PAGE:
The Samsung HW-Q70T is better than the Sony HT-X9000F. The Samsung is a better-built setup that offers more wireless playback options. It has better soundstage, center, and surround performances, too. There's even a graphic EQ to help you customize its sound. Some listeners may also prefer its more neutral sound profile out-of-the-box.
The Samsung HW-Q700A is a 3.1.2 setup that's better than the 2.1 Sony HT-X9000F. The Samsung is better built and gets louder. It also has better center, surround, and Atmos performances. It even comes with some more sound enhancement features, like a graphic EQ.
The Samsung HW-Q600A is better than the Sony HT-X9000F. The Samsung is a 3.1.2 setup that's better-built and comes with more sound enhancement features, such as a graphic EQ. It also has better soundstage, center, surround, and Atmos performances. Some users may also prefer that it has a more neutral sound profile out-of-the-box.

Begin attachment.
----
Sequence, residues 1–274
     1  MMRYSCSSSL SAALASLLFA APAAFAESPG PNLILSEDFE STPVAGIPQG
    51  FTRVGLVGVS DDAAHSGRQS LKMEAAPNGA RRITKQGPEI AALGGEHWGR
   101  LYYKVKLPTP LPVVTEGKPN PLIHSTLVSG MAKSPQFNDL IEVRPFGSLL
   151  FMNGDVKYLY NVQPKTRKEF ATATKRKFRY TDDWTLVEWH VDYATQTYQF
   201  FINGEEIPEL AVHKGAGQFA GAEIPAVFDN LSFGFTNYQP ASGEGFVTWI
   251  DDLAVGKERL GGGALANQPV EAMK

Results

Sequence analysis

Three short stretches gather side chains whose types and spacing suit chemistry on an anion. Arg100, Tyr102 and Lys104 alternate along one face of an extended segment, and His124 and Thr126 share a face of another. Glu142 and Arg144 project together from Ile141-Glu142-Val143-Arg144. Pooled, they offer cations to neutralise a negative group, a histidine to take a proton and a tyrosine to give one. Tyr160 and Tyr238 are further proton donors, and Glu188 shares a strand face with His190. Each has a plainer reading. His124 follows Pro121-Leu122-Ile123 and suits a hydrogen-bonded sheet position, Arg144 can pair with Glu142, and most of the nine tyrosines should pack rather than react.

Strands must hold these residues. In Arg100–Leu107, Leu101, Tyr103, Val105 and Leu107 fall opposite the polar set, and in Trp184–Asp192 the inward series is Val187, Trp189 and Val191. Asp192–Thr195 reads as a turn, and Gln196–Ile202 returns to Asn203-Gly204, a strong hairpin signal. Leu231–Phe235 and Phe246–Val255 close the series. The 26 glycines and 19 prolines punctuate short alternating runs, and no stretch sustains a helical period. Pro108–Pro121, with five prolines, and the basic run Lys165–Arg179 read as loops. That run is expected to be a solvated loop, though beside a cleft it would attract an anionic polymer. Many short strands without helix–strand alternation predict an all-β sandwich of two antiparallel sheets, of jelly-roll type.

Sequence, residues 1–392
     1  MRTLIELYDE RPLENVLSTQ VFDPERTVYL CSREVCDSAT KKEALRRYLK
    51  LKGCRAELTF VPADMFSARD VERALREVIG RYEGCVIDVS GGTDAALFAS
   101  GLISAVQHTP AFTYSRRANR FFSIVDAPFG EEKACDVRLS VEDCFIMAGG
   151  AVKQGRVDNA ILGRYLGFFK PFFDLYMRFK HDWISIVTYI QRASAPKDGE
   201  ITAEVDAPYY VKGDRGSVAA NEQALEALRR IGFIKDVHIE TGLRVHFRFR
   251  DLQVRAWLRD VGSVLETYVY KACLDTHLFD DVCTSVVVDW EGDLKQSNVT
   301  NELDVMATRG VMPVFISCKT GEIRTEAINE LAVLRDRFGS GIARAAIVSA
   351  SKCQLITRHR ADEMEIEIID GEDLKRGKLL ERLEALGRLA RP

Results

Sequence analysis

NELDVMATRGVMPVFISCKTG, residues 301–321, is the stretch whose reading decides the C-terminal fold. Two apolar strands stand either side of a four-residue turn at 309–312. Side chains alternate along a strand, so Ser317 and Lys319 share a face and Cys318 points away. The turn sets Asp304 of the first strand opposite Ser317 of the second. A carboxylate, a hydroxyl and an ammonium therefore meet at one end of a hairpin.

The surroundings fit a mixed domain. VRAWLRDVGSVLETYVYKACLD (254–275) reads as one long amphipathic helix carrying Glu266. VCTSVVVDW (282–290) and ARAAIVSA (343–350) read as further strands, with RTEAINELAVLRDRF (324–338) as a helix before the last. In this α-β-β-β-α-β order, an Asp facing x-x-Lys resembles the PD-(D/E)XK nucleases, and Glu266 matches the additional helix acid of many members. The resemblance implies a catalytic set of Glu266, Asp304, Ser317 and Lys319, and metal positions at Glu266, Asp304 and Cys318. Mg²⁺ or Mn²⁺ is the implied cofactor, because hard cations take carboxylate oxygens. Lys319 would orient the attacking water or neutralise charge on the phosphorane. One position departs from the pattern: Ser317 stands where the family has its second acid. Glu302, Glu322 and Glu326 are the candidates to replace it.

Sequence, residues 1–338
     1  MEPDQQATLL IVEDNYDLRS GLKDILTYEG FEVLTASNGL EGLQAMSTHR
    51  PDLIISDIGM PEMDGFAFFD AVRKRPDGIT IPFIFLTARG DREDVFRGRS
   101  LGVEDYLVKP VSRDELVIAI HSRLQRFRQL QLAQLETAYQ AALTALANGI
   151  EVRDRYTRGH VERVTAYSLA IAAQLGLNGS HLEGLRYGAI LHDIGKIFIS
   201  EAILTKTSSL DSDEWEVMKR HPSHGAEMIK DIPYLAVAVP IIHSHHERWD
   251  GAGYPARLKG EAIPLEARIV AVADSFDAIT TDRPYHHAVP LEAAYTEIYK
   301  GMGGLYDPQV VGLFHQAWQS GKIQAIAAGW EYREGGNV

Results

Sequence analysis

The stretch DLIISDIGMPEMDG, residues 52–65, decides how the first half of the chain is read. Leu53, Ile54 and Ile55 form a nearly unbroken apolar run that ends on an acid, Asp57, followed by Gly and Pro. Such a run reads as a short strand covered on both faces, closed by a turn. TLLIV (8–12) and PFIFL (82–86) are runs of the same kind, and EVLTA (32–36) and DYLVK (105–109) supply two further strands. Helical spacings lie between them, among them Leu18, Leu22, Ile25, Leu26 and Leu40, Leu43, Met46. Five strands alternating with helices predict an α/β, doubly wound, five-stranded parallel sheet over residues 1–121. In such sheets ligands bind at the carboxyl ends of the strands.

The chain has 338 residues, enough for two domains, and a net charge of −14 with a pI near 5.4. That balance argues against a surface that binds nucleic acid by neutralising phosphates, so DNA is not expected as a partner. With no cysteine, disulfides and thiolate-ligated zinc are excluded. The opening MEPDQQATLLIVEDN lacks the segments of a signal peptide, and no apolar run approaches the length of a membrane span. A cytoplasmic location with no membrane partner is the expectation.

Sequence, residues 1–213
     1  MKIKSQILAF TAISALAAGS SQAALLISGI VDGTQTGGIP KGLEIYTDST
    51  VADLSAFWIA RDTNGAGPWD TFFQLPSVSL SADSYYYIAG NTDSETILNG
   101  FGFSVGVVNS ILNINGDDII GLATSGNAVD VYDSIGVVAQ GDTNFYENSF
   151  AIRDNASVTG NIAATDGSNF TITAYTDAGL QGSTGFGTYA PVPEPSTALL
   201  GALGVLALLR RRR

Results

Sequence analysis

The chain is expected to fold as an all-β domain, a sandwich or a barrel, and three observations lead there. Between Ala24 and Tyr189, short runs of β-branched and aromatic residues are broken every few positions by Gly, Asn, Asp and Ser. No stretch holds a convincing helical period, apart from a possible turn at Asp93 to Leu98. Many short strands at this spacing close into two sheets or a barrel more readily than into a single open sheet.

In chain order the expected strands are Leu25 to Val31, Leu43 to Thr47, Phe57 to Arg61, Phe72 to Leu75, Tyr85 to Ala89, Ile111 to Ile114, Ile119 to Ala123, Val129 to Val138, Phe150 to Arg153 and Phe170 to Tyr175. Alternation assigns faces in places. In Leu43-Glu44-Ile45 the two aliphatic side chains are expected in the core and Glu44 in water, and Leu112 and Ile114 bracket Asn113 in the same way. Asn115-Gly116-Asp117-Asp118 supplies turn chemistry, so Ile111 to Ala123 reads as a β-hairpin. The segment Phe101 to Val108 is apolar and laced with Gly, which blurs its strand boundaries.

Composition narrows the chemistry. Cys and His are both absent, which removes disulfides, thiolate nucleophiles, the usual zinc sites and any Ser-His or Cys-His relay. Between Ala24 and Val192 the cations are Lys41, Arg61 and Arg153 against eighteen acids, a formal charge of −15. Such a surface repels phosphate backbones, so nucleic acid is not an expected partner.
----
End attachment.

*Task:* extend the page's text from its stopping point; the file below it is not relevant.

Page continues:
The JBL Bar 9.1 is better than the Sony HT-X9000F. The JBL is a 5.1.4 setup with discrete satellites that's better-built. It has better soundstage, center, surround, and Atmos performances. Some listeners may also prefer its more balanced sound profile out-of-the-box.
The Sony HT-X9000F is a slightly more versatile soundbar than the Sony HT-S200F. It has a bit better build quality, and its sound profile delivers more bass and treble. It has seven EQ presets, its surround performance is slightly better, and it even supports Atmos content by downmixing it, which is unique in a 2.1 channel setup. It also has a Full HDMI In port, and it can pass through high-quality signals. However, even though the HT-S200F can't get as loud, it has fewer thumping and compression artifacts at max volume. It also has a slightly better-performing phantom center channel.